Ginny and Juan’s Balsamic Showdown: Ginny’s Creation

July 13th, 2009


Juan (oh, yes, he has a name!) and I have a new blog feature… We are going to compete against each other in cooking showdowns… How will it work?  Juan and I will each post (oh, yes, he is guest posting!)… As soon as both posts are up, you have one week to cast your vote which dish you like better.  I’ll tally them up, post the results, and one of us will win bragging rights until our next showdown…

When Juan and I wondered around Chicago, we found Old Town Oil and bought the most delicious sweetest 18 year aged Balsamic Vinegar.  We drizzled it on bread and devoured it.  The balsamic is like nothing I have ever tasted before.  For our first showdown, we had to make a dish highlighting the vinegar.

As I tried to come up with something to make… I kept thinking of cheese… savory and sweet… I found this recipe from 101 Cookbooks for a savory cheesecake.  A few alterations and some sliced figs… I had made an amazing dinner.  My friends loved it… Served with fresh bread, a salad and a glass of white wine.  It was perfect for a summer day!

Stay tuned for Juan’s creation…

Fig- Balsamic Ricotta Cheesecake
(adapted from 101 Cookbooks)

3 3/4 cups ricotta cheese (2 tubs of 15 oz ricotta cheese)
1/2 cup freshly shredded Parmesan cheese
1 shallots, chopped
2 cloves garlic, chopped
5 basil leaves, minced
2 large eggs, well beaten
1 teaspoon salt
1 teaspoon pepper
2/3 cup goat cheese, crumbled
4 figs, sliced
balsamic vinegar

Preheat oven to 325F degrees, racks the middle. Butter/oil a 7-inch springform pan.

Mix the ricotta cheese, Parmesan cheese, shallots, garlic, and basil in a medium bowl. Stir in the eggs and continue mixing until well combined. Add the salt and pepper. Fill the springform pan with the ricotta mixture and place on a baking sheet. Place in the oven and bake for 40 minutes. Now sprinkle with the goat cheese and return to the oven for another 20 -30 minutes or until the goat cheese is melted and the cake barely jiggles in the center (it will set up more as it cools).

Remove from the oven and let cool five minutes, then release the cake from its pan. Cool completely and serve at room temperature. Before serving, place the sliced figs around the edge of the cheesecake and drizzle with balsamic vinegar.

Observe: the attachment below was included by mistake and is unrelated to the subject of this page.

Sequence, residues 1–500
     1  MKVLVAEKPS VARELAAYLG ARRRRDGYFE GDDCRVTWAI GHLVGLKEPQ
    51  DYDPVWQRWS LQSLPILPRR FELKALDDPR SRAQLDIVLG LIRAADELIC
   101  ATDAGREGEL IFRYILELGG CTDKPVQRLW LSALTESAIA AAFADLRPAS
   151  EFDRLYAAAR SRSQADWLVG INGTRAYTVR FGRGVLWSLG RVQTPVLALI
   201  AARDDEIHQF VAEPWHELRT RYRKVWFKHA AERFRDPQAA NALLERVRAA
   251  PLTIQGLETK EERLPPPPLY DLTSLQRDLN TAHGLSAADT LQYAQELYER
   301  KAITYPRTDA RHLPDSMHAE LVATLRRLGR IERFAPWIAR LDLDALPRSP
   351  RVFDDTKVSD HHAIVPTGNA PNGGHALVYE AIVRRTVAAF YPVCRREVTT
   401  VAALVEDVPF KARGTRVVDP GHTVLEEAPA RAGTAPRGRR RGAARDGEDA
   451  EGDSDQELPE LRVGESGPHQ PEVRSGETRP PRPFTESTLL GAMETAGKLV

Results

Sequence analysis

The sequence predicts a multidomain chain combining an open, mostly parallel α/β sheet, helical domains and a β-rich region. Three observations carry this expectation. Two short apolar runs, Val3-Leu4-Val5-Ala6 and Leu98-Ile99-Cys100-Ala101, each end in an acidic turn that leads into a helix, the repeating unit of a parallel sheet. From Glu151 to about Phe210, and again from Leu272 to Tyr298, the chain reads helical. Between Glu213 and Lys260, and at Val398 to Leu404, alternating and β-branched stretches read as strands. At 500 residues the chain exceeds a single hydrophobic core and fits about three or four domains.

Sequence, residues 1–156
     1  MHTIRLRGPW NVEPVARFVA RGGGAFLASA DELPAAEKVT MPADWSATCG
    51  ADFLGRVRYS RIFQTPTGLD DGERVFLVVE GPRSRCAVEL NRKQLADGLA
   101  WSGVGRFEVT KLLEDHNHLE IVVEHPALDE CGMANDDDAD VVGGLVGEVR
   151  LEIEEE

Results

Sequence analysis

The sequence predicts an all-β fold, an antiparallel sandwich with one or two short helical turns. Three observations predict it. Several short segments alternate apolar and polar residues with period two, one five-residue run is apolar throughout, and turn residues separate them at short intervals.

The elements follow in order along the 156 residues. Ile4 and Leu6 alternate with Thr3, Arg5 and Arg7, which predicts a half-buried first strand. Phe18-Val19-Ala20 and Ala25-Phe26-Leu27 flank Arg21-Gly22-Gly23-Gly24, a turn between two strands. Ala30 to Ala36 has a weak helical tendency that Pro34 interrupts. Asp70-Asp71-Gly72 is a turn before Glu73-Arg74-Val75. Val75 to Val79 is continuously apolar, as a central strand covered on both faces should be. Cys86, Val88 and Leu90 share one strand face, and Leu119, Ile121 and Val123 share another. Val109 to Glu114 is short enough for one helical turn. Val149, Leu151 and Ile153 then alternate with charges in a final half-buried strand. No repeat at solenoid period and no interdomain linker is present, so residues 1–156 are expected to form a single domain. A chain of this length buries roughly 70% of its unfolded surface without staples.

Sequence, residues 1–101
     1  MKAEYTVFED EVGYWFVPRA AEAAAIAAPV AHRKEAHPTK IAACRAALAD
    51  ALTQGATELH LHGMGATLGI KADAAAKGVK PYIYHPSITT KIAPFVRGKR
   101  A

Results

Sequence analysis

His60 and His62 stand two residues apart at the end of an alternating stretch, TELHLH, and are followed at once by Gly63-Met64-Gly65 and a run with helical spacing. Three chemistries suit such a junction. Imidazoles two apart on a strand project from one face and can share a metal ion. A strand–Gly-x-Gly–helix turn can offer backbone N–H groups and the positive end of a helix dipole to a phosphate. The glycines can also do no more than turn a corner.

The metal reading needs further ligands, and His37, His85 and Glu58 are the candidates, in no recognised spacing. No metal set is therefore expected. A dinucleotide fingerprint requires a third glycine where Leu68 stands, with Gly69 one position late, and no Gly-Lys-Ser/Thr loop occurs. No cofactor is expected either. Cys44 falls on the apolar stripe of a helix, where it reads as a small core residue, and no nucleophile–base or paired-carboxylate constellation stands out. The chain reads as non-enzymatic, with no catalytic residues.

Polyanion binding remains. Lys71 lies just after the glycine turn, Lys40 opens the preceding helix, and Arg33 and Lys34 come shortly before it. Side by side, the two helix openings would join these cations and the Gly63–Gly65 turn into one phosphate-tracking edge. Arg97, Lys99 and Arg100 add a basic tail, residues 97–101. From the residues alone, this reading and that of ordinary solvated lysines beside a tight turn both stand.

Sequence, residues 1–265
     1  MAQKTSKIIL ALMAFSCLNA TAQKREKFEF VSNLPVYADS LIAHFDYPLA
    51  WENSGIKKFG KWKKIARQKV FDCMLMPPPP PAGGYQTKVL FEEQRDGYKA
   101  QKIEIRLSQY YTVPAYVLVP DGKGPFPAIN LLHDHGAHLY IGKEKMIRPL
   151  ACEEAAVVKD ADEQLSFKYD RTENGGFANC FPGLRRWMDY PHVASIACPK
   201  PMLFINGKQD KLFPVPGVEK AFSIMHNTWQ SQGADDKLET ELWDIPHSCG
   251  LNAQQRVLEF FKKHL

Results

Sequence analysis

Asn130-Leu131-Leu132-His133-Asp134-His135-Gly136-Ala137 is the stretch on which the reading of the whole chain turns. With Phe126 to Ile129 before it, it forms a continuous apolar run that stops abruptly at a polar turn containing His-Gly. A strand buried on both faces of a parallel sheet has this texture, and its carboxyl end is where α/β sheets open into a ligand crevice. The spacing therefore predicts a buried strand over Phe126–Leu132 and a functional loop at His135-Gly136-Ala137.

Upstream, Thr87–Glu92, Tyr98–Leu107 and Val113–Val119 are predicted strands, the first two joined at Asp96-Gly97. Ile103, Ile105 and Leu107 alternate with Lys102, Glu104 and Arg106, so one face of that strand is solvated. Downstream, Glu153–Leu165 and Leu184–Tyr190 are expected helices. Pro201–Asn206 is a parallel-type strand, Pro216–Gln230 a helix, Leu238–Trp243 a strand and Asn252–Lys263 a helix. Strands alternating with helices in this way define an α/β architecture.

Why I spend way too much money on rent…

May 3rd, 2009


Isn’t the view just wonderful? I love the lake. It has finally gotten warm in Chicago. It makes me much happier. A few more hours of studying and then a much needed bike ride by the lake.

As I mentioned before, one of my goals in life was to make a souffle.  Many people seem to be intimidated by them because they fall.  My theory is that even if they fall, they still taste good.  I’ve read a number of tips online about how to make the perfect souffle and, honestly, only a few helped:

1. Follow the recipe (I rarely do this in every other type of cooking but here it is important- at least for the egg ratio and such)

2. Level the ramekins with a knife and using the knife go around the inside of the ramekin (this will help it rise more evenly, which I have found to be the best when making chocolate souffles)

3. Do not open the oven until you are ready to take it out (this is a difficult step but try to stick to it.  I have put goat cheese souffles back in that were still raw in the middle and they fell quickly when I took them out.  This may just take some experimentation with the cooking time and your oven.)

I make souffles fairly often because I love a goat cheese souffle with a simple salad.  I can kick back with a glass of white wine and stare out at the lake…stop daydreaming Ginny and get back to studying…